Earthquakes, hurricanes, New Moon causing exceptionally high tides, mercury in retrograde…just a few of the tricks Mother Nature used last week to get our attention.  I don’t think in my wildest dreams I could have imagined experiencing an earthquake in NYC followed a few days later by a devastating hurricane.  Irene, although she did not inflict the flooding damage in NYC and the East End of LI that was anticipated, nonetheless wreaked havoc in other parts of the state and in New England. Tuesday August 22nd I happened to take the day off to be with my soon to be 93 year old mother.  Engrossed sitting at her kitchen table putting her prescription medication into a weekly organizer she asked me “do you feel the floor shaking?”  My initial thought as I looked over to her and saw her legs shaking was that she was fooling around.  An instant later, I too felt the floor shaking and then saw the house swaying.  A vase on the table was bouncing around.  My first inclination something was happening with the foundation of the house.  It’s about a 110 years old.  I told her we had to get up and get out fearing it would collapse on us.  As soon as we opened the front door and saw neighbors across the street standing in their doorway I knew we had just experienced an earthquake.  It was my third or fourth, my mother’s first.  How exciting life can be for a soon to be 93!  I’m always amazed at times like this when something happens in just a few seconds and yet my memory of the event unfolding seems as if a much longer time transpired. The following day, although we’d been hearing about a storm forming in the Caribbean, we decided to leave for our weekend house.  It was too early to say whether the storm would come ashore.  By Thursday evening we knew it was headed our way.  Friday morning it was apparent the storm would be hitting NYC and LI (where how home is).  We needed to get preparations underway.  Just filling up my gas tank was an experience with people pulling into the station from all directions.  Anxiety and frustration were palpable.  The potential for an argument or worse to start was increasing by the second.  Frenzy in the IGA supermarket.  People grabbed whatever they thought could get them through the storm, and its aftermath assuming power would be out for a few days.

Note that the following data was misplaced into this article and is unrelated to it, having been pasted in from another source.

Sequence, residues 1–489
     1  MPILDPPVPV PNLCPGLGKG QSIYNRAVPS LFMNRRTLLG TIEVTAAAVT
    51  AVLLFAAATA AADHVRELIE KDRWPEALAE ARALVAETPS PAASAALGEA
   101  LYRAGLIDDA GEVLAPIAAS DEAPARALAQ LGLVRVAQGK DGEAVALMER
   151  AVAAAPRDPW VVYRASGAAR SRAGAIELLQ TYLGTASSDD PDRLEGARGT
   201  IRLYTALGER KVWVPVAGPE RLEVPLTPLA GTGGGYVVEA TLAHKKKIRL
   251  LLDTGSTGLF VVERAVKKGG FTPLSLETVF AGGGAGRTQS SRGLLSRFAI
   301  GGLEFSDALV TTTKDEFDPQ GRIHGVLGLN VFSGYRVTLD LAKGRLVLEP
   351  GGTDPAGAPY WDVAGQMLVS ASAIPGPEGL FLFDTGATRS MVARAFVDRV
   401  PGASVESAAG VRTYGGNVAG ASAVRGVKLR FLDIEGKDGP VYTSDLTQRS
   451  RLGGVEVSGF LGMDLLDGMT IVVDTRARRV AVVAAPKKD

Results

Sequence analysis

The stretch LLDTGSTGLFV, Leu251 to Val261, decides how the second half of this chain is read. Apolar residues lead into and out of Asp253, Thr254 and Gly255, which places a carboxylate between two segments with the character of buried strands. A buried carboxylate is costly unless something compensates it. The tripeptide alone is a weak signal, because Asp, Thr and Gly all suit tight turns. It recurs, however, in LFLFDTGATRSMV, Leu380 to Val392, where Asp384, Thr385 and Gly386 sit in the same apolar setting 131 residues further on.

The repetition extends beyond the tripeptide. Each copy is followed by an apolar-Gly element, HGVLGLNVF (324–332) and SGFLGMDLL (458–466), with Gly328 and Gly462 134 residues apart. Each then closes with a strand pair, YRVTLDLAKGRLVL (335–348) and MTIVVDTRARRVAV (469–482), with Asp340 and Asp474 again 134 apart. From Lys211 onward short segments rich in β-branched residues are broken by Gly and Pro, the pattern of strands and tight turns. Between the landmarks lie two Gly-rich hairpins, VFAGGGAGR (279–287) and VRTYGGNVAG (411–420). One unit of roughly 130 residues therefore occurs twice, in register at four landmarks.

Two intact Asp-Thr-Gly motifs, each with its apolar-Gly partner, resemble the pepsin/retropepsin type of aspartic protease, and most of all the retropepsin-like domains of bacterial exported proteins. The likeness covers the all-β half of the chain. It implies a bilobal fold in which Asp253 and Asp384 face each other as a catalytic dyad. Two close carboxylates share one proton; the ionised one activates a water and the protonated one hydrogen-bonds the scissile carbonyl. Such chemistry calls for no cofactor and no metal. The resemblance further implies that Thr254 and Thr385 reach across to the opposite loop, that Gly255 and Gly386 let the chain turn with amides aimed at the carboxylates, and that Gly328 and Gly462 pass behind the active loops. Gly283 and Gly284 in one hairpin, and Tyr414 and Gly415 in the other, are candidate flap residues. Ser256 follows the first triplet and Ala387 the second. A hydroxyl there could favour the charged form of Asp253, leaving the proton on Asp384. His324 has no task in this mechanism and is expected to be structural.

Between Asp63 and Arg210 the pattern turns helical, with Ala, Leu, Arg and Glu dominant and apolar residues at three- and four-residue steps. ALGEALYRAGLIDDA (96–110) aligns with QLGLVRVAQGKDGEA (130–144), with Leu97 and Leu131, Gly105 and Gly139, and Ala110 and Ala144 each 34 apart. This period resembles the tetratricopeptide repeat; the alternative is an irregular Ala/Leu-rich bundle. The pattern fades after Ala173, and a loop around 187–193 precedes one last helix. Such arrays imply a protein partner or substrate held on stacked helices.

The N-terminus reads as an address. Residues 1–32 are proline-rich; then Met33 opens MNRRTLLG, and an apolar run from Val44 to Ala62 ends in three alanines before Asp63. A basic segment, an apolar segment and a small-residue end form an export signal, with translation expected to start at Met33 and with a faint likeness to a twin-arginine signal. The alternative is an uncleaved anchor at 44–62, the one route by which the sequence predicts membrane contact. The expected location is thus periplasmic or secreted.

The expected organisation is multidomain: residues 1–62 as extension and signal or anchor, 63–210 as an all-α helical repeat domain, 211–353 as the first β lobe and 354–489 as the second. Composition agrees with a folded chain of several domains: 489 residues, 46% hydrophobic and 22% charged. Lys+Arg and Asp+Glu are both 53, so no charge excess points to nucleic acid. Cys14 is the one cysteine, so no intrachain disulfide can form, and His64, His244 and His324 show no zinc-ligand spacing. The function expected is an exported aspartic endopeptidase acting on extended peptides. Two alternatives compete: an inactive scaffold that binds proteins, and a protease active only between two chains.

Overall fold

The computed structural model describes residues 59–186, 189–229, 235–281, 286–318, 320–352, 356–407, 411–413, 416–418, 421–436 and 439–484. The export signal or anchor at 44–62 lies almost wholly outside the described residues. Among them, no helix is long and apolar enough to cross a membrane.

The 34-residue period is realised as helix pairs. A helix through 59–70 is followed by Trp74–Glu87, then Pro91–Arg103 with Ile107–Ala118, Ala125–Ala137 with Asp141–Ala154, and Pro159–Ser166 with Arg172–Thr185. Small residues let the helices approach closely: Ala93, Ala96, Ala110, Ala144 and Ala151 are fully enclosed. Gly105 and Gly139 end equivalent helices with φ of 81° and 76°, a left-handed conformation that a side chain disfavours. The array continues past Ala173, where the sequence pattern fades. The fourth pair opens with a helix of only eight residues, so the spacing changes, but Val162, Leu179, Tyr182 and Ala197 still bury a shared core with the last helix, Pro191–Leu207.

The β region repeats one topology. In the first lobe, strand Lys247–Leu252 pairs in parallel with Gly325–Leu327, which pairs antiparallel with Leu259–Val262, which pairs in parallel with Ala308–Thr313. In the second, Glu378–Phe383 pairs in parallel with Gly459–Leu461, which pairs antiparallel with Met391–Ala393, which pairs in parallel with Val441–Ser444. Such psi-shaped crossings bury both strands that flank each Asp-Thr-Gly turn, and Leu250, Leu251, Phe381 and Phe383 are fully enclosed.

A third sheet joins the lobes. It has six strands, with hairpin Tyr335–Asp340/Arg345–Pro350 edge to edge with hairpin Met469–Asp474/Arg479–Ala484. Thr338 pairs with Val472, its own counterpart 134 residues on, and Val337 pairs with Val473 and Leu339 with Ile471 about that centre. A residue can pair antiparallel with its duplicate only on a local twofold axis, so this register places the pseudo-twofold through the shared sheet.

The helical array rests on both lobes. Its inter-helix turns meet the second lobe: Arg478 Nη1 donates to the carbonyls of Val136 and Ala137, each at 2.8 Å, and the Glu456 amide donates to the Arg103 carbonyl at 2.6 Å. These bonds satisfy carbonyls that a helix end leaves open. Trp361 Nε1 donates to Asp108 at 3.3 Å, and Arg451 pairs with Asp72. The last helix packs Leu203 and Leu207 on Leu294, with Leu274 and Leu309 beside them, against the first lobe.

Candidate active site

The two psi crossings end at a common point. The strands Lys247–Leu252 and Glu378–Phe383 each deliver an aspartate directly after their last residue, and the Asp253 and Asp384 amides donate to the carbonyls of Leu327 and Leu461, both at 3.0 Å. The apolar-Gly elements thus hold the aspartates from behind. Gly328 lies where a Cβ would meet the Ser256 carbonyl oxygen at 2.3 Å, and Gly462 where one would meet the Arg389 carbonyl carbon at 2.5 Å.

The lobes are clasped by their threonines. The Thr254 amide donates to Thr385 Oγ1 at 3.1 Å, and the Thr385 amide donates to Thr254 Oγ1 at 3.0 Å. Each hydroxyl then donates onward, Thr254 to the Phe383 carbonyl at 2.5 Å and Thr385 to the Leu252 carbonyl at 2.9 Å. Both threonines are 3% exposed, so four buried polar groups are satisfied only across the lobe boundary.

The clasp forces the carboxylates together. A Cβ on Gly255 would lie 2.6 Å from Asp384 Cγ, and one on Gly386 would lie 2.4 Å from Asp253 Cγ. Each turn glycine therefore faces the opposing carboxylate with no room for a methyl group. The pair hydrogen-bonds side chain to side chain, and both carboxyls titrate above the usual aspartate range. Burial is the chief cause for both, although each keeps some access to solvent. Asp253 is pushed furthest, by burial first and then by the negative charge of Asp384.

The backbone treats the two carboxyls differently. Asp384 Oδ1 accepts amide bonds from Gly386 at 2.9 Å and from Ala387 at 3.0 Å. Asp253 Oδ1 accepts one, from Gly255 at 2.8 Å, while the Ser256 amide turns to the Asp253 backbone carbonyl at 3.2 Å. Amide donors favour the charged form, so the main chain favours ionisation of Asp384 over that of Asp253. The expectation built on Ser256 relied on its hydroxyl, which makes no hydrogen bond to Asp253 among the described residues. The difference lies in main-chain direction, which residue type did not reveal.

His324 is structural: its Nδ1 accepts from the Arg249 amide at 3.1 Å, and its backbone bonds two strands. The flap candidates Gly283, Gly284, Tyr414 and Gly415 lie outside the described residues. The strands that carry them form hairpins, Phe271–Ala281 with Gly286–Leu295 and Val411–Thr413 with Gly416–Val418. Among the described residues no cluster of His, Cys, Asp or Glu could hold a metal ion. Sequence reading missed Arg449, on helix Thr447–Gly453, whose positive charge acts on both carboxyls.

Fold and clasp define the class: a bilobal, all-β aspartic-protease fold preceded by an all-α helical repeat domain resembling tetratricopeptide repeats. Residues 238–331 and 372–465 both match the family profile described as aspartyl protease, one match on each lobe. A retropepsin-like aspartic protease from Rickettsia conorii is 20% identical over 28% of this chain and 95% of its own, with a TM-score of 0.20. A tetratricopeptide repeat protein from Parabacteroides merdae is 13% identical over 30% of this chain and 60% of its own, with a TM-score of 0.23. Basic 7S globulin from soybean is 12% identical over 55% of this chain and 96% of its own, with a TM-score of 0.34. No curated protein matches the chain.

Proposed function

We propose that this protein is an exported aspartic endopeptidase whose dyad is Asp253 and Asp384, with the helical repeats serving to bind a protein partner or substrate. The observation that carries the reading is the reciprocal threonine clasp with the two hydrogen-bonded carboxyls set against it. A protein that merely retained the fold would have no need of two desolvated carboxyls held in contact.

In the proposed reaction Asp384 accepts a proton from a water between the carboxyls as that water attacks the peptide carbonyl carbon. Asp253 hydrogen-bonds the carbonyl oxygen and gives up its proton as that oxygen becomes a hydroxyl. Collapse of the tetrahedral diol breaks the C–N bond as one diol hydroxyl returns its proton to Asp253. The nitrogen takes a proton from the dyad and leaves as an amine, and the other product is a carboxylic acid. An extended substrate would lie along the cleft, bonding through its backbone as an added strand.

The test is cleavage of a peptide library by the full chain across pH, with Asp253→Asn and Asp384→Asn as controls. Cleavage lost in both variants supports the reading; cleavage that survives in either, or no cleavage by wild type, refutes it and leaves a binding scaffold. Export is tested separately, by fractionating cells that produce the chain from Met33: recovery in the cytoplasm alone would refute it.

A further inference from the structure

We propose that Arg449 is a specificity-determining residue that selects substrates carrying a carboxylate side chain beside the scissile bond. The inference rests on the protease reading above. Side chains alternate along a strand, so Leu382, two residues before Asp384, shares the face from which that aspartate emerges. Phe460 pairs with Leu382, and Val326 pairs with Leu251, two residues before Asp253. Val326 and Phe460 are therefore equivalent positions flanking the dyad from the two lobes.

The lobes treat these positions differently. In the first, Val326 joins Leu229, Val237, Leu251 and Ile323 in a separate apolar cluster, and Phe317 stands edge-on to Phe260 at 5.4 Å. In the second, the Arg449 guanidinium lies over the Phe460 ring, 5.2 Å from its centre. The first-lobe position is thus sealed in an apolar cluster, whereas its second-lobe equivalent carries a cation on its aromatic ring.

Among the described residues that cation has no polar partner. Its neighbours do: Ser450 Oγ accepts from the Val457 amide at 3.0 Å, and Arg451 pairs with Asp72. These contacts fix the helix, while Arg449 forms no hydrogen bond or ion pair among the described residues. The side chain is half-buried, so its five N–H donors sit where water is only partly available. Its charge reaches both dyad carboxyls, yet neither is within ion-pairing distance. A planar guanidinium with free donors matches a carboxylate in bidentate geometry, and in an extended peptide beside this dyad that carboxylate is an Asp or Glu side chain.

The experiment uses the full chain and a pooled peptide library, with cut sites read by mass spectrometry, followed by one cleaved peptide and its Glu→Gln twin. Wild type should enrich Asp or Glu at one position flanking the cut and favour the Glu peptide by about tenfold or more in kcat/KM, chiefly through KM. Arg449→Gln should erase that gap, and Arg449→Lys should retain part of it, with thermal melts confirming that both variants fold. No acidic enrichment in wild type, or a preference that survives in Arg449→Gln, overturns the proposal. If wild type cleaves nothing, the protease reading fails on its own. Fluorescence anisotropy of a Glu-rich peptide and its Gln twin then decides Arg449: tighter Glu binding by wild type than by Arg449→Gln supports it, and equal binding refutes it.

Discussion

Blessedly we got through the storm without damage to our home.  We were without information for two days, after just having been bombarded with storm talk for the two previous days.  Strangely enough the transition from nonstop information overflow to listening to the wind in the trees in the dark is not easy to make.  We learned to cope without power.  Eating food at room temperature.   Taking time to read good books by flashlight and retiring early.

When we arrived home Monday we were surprised to hear of the devastation in counties north of the city and particularly Vermont.  I thought of what it must have been like before the technology boom of the last 20 years.  Imagine life a hundred years ago.  People would be out of communication for days if not weeks or months.  They would be forced to rely on their own skill, creativity and ingenuity. Communities would be forced to pull together.

What lessons do these recent occurrences hold?  Must say I think NYC’s Mayor Bloomberg and his team did an outstanding job of communicating the seriousness of the situation and setting out specific guidelines that needed to be followed by residents of the city.  Scheduled press conferences helped me feel informed even though I was in LI. Closing down the city’s mass transportation system was unprecedented; it kept people off the streets, out of harms way, and protected equipment from potential breakdown and erosion from salt water.  For those who might think the city went too far, just imagine what could have happened in such a densely populated city?  The Mayor demonstrated outstanding leadership his team modeled true organization engagement.  The cynics will say this comes after the debacle with the snowstorm last winter.   Obviously they learned from their mistakes. 

These natural disasters force us to shift our attention to the human aspects of life.  We walk around engrossed with our iPhones, Androids or Blackberries.  It’s not unusual to see a family sitting together and yet everyone in on their own device “communicating”.  The storm forced a whole generation of children, and families to entertain themselves without the benefit of power. What a novelty in today’s world.

Teamwork and community spirit are two other byproducts of Mother Nature’s fury.  A friend was woken up in the middle of the night by pieces of sheetrock from her ceiling falling on her.  A huge tree branch had struck their home crashing into the roof and breaking it.  Once over the initial shock, neighbors rallied to help them cover up the gaping hole in the roof until contractors could start repairs. 

The human spirit naturally full of the power of engagement is alive and well.  We need to embrace it regularly otherwise Mother Nature will continue to create weather that insures our education.